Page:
Fake news headlines are often more catchy and interesting than the headlines of real stories, and as a result, they spread around the web like wildfire. Automated advertisement algorithms of major companies are funding fake news sites by displaying their ads filled with misinformation and manipulative content.
An ancient institution, the fake news industry (which of course has no clear organization) has been frequently used to lead the public into believing lies or distorted truths for political, social or financial purposes. Media, governments, and celebrities will make misleading statements, fabricate stories or simply lie to gain public favor.#EdgyLabs shares with you som easy tips on how to avoid spreading #fakenewsClick To Tweet
Heck, fake news is becoming so ubiquitous that it’s starting to be used as a weapon in order to debunk real news stories. Take one of President Donald J. Trump‘s latest tweets:
Any negative polls are fake news, just like the CNN, ABC, NBC polls in the election. Sorry, people want border security and extreme vetting.
— Donald J. Trump (@realDonaldTrump) February 6, 2017
Ads, the Sinews of Fake News Industry
Major Internet-based companies like Google contribute to the spread of false information. Whether intentionally or not, these companies enable advertising for fake news articles and blogs, giving those sites’ administrators the opportunity to monetize their brand of fake news.
When a fake news story is very successful, and the content goes viral, those responsible for it often make a lot of money from click-through traffic.
The two advertising titans, Google and Facebook, who reap the lion’s share of online marketing, are the biggest enablers of these fake news sites simply by allowing anyone to purchase advertising space, provided it is not blatantly offensive or unsuitable for most audiences.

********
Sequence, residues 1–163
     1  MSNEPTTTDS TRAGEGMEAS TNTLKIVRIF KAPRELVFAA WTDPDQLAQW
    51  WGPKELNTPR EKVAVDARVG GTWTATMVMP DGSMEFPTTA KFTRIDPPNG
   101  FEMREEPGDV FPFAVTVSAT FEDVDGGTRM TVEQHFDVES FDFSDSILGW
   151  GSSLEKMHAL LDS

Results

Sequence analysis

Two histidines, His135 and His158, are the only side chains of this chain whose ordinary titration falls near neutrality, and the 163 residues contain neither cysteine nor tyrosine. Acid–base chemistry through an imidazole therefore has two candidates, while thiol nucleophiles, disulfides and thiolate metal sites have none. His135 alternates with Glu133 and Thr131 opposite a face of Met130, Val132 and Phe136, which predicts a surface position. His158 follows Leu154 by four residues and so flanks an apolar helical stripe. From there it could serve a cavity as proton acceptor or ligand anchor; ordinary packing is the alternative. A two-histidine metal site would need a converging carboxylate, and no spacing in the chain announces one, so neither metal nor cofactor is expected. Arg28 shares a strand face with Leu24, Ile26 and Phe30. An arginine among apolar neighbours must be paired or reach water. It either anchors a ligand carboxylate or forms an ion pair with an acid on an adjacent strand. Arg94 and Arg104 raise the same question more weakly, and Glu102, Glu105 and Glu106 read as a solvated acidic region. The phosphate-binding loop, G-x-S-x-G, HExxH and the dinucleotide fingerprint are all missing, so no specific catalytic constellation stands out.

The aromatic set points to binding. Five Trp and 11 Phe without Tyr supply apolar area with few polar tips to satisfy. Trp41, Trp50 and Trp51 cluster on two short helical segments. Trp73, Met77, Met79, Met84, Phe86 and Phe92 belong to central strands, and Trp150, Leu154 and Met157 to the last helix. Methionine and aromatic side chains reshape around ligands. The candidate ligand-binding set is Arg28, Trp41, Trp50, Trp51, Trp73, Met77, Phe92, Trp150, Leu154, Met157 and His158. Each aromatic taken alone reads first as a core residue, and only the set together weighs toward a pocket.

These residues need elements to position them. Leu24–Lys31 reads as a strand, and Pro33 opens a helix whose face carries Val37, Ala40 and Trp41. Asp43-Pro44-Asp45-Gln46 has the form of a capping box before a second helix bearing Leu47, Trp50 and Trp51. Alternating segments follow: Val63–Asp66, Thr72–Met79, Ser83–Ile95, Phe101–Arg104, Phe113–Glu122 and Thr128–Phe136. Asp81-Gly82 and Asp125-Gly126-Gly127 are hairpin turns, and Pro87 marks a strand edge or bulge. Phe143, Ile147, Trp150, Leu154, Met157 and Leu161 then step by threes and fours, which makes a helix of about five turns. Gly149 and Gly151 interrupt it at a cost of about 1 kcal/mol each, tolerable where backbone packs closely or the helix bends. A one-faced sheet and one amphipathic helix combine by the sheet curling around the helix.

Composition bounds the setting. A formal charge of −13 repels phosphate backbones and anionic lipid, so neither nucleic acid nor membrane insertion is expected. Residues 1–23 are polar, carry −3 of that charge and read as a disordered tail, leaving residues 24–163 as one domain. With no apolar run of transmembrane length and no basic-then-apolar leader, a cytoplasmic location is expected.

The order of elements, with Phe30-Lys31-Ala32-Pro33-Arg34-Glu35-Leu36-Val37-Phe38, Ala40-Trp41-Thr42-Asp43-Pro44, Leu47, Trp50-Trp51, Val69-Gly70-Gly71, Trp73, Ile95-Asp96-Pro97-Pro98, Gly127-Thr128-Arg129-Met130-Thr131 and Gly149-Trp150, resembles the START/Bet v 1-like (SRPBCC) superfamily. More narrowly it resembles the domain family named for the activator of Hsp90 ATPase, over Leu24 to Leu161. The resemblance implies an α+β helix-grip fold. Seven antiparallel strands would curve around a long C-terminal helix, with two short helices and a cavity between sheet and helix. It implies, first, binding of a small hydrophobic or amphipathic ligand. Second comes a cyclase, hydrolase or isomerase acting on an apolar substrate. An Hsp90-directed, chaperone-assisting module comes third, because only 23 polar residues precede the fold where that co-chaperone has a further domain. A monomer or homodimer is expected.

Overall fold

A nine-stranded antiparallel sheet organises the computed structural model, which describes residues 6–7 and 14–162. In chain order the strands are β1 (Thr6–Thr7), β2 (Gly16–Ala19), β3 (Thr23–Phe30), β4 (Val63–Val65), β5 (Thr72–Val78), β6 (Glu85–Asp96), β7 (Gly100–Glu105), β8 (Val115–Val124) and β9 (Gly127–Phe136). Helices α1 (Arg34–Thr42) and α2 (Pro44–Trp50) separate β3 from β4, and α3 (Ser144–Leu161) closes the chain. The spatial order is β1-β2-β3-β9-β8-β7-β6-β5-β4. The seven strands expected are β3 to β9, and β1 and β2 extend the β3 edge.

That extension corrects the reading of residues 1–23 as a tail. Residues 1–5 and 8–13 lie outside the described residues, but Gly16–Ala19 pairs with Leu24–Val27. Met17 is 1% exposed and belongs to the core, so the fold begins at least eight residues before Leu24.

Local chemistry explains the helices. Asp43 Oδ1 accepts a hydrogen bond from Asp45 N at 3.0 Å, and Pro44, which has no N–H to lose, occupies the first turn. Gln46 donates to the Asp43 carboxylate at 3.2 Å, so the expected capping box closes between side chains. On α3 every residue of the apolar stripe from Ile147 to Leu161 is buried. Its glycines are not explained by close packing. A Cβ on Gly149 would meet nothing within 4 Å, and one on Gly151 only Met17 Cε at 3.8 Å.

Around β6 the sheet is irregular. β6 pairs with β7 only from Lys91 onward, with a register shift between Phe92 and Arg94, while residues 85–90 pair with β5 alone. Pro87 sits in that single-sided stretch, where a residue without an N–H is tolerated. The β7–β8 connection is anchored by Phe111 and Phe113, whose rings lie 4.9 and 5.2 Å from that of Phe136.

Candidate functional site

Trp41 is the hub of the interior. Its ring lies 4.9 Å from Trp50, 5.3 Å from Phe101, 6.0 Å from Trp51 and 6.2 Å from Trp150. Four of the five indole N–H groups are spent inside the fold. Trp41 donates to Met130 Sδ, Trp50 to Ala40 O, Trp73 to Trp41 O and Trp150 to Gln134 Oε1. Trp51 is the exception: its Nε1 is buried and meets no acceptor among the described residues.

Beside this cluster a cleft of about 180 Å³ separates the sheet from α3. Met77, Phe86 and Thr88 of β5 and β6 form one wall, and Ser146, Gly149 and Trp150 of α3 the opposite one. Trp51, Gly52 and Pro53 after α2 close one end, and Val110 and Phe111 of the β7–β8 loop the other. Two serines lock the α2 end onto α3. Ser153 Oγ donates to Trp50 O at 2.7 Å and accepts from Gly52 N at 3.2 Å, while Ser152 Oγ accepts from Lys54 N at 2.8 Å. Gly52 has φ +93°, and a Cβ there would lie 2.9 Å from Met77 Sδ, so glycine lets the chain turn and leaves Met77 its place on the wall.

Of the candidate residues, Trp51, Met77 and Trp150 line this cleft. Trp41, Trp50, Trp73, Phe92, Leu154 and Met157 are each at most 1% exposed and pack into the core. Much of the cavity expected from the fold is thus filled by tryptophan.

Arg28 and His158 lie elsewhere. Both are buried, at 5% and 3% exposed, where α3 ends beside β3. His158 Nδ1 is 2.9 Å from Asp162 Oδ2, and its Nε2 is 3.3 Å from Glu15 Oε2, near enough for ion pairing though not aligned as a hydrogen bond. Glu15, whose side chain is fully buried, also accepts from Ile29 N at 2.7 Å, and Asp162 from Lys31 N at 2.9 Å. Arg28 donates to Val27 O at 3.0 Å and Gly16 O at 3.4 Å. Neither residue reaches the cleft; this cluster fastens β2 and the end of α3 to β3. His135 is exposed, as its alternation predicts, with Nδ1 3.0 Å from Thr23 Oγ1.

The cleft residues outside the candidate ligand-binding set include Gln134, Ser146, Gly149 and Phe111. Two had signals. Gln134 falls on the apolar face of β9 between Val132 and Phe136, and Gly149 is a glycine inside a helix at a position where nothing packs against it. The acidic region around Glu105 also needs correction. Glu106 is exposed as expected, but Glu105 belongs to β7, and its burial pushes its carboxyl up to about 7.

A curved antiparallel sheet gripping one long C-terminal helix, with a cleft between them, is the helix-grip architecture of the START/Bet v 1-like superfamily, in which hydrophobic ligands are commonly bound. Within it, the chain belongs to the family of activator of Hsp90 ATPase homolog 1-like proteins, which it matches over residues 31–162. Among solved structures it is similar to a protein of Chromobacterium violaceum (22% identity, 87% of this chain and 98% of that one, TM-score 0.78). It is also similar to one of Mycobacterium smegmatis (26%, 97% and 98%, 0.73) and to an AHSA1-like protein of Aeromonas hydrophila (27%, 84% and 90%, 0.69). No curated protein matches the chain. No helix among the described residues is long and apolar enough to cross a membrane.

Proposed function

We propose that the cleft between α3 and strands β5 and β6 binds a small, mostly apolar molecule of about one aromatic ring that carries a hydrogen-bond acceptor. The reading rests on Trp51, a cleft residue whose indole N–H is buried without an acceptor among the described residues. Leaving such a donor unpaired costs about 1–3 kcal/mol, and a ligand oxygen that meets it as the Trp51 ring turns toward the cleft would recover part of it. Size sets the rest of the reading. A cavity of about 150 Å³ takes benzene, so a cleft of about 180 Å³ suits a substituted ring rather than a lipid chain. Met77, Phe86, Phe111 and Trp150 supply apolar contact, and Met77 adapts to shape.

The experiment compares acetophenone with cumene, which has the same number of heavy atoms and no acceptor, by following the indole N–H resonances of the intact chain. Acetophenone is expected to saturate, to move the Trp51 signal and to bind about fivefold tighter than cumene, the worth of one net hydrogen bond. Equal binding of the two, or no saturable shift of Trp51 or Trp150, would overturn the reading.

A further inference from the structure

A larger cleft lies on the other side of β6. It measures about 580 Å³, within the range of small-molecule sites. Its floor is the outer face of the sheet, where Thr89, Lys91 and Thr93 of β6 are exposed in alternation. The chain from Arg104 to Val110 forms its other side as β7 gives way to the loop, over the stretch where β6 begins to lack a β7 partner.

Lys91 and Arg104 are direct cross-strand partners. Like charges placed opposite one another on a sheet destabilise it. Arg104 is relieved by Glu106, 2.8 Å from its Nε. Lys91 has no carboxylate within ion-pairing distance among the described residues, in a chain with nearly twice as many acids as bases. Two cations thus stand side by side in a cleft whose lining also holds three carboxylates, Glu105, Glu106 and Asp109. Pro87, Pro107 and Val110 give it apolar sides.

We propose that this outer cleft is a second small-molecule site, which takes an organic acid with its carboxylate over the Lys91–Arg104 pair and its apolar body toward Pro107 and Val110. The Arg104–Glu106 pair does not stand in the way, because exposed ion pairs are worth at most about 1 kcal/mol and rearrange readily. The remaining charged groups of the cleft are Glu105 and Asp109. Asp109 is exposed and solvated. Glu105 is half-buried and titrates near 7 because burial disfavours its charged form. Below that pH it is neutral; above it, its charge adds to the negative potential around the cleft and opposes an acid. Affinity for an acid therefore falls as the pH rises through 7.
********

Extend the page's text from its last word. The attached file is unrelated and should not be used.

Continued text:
On Monday, November 14, 2016, a link to a fake news site was the first result of Google News for the query “final election results.” Because of this and other stories like it, many have accused Google and Facebook of having weighed on the subconscious of American voters by enabling the spread of fake information.
Faced with criticism for their potential influence on public opinion, especially after their purported role in the election of Donald Trump, Google and Facebook have decided to cut advertising revenues from fake news sites.
4 Tips to Steer Clear of Fake News Industry
It’s not always easy to detect fake news, and there is no surefire recipe to classify them. Before posting any news on your website or blog, or sharing it on your Facebook page, follow these four simple tips:
1. Be Critical
It’s not always about treating every news that comes your way as dubious, but carefully examining the information is a basic requirement. If the news appeals to your feelings and tempts you to share right away, that’s a red flag.
2. Check the Source
It’s always a good idea to check the source of any assertion to validate it as you consider whether to share that assertion with others.
If the source is a Facebook page, a shady blog or conspirator website, chances are that the news, if not fake, is deformed or exaggerated in one way or another. Know your list of purposely satirical sights and features (i.e. The Onion, The Borowitz Report, etc.).
Use your search bar to find other sources corroborating the same material in question. Use the “News” tab in search engines to find out which outlets are talking about the subject.
4. Check Authority Opinion
Check what experts are saying. Several reputable news outlets are doing their best to squash the fake news industry, one hoax at a time. Again, a quick search on the web could provide you with more insights.
Try to understand what bias each source takes, if any, to better understand how the information is meant to be perceived.